Rosetta's Earth fly-by on 4 March will be a fantastic opportunity for amateur astronomers of all ages to view a live space mission in motion; decent binoculars or a basic telescope are all you will need. In an MP3 audiocast, a Rosetta mission scientist explains what to look for.
When Europe's comet-chasing spacecraft Rosetta swings by Earth on 4 March 2005, it will perform the closest fly-by of our home planet ever conducted by ESA.
Although not visible to the naked eye, the craft should be viewable with 7x50-power binoculars or any decent amateur telescope. Sky watchers using video cameras on a larger amateur telescope may even be able to distinguish Rosetta's 32-metre solar panels or high-gain antenna.
Keen hobbyists with photo imaging capability connected to their telescope should be able to record some great images.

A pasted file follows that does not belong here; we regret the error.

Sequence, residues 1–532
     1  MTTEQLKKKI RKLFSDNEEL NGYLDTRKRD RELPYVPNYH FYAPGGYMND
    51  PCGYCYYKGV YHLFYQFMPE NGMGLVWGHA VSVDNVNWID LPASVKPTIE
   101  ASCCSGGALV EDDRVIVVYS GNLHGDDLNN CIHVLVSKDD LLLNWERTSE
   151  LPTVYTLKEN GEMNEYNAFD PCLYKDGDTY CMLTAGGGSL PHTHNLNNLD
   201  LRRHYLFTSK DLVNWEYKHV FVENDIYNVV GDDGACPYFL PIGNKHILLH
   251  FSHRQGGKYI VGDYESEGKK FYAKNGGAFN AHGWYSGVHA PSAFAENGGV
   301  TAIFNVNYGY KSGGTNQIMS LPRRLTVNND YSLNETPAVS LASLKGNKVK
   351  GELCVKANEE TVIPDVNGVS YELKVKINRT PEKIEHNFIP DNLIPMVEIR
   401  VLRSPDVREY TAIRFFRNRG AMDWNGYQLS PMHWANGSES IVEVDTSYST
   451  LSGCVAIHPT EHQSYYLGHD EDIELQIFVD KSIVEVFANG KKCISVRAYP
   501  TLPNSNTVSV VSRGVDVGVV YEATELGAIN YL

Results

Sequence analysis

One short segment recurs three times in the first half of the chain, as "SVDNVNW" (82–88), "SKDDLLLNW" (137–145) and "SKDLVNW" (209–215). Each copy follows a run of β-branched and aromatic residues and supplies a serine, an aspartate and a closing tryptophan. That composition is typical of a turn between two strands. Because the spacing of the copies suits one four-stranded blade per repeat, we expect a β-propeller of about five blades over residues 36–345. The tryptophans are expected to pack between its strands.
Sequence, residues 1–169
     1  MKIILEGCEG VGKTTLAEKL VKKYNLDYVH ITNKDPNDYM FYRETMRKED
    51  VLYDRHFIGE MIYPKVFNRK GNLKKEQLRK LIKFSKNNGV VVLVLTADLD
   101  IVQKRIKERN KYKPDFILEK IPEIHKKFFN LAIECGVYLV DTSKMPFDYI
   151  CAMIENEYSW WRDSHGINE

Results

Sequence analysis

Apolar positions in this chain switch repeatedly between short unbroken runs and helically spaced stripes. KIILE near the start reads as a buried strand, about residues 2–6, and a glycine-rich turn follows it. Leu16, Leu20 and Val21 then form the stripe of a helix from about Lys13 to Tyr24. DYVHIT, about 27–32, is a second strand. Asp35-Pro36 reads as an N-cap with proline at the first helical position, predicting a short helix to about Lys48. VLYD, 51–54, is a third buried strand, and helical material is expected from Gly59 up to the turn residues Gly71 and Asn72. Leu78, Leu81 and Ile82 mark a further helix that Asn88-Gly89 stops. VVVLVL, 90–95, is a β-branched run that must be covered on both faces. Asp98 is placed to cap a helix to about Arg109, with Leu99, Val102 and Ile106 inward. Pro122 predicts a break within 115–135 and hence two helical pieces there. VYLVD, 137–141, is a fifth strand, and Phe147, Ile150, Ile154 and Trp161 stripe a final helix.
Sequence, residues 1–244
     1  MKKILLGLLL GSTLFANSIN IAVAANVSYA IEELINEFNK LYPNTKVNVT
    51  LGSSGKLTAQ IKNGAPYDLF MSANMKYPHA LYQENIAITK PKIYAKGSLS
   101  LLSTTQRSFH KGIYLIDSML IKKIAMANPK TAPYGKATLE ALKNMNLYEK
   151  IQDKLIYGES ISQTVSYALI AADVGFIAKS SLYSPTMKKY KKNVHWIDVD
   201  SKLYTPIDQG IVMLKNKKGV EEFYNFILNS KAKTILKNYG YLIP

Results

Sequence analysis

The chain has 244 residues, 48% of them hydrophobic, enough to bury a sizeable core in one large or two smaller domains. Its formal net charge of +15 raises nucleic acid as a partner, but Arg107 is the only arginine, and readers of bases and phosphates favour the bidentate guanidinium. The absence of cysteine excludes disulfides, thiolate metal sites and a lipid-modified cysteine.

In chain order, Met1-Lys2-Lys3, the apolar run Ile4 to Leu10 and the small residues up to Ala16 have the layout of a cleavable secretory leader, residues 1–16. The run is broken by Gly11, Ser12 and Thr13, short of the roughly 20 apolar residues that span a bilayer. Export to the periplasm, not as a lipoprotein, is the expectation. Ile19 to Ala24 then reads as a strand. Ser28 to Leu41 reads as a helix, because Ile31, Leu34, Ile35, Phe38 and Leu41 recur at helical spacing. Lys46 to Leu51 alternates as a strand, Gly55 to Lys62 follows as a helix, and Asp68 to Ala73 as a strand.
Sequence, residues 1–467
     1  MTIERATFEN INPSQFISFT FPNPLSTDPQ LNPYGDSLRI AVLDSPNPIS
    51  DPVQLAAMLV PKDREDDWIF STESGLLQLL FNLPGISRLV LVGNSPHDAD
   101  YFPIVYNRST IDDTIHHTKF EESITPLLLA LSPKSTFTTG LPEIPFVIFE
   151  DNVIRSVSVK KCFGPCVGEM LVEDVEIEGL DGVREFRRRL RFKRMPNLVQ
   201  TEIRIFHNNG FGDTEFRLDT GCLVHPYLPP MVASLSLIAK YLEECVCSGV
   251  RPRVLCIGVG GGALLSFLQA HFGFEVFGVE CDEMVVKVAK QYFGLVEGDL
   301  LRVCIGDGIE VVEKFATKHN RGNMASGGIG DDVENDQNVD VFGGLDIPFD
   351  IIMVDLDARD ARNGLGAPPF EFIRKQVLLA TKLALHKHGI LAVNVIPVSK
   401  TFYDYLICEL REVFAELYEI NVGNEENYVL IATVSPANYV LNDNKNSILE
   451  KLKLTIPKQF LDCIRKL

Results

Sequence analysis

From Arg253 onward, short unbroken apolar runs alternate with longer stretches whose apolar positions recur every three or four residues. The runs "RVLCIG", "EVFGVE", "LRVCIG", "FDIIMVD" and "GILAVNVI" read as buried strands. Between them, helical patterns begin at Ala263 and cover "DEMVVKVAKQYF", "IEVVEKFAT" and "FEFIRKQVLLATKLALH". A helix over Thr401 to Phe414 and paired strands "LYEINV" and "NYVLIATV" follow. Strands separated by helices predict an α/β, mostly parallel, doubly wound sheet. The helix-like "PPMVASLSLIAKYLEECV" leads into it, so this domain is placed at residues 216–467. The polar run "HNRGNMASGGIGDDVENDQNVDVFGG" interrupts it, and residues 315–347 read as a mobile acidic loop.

Dr Detlef Koschny is a space scientist in ESA's Space Science Department (ESSD) at the European Space Research and Technology Centre (ESTEC) in Noordwijk, The Netherlands, whose work focuses on meteor astronomy.
He is deeply involved in the Rosetta mission and will be paying close attention on the evening of 4 March when Rosetta zooms past at a mere 1900 km.
In this MP3 audiocast, Dr Koschny explains the fly-by event and what sky watchers in Europe should expect. (See link below or at right.)
(Portable music device owners may save the MP3 file for off-line listening.)
Editor's note: Rosetta Up Close photo contest
Sky watchers everywhere are invited to submit their photos of Rosetta passing Earth to ESA's "Rosetta Up Close" photo contest. Details of the contest, rules, prizes and submission procedures will be posted shortly on ESA web.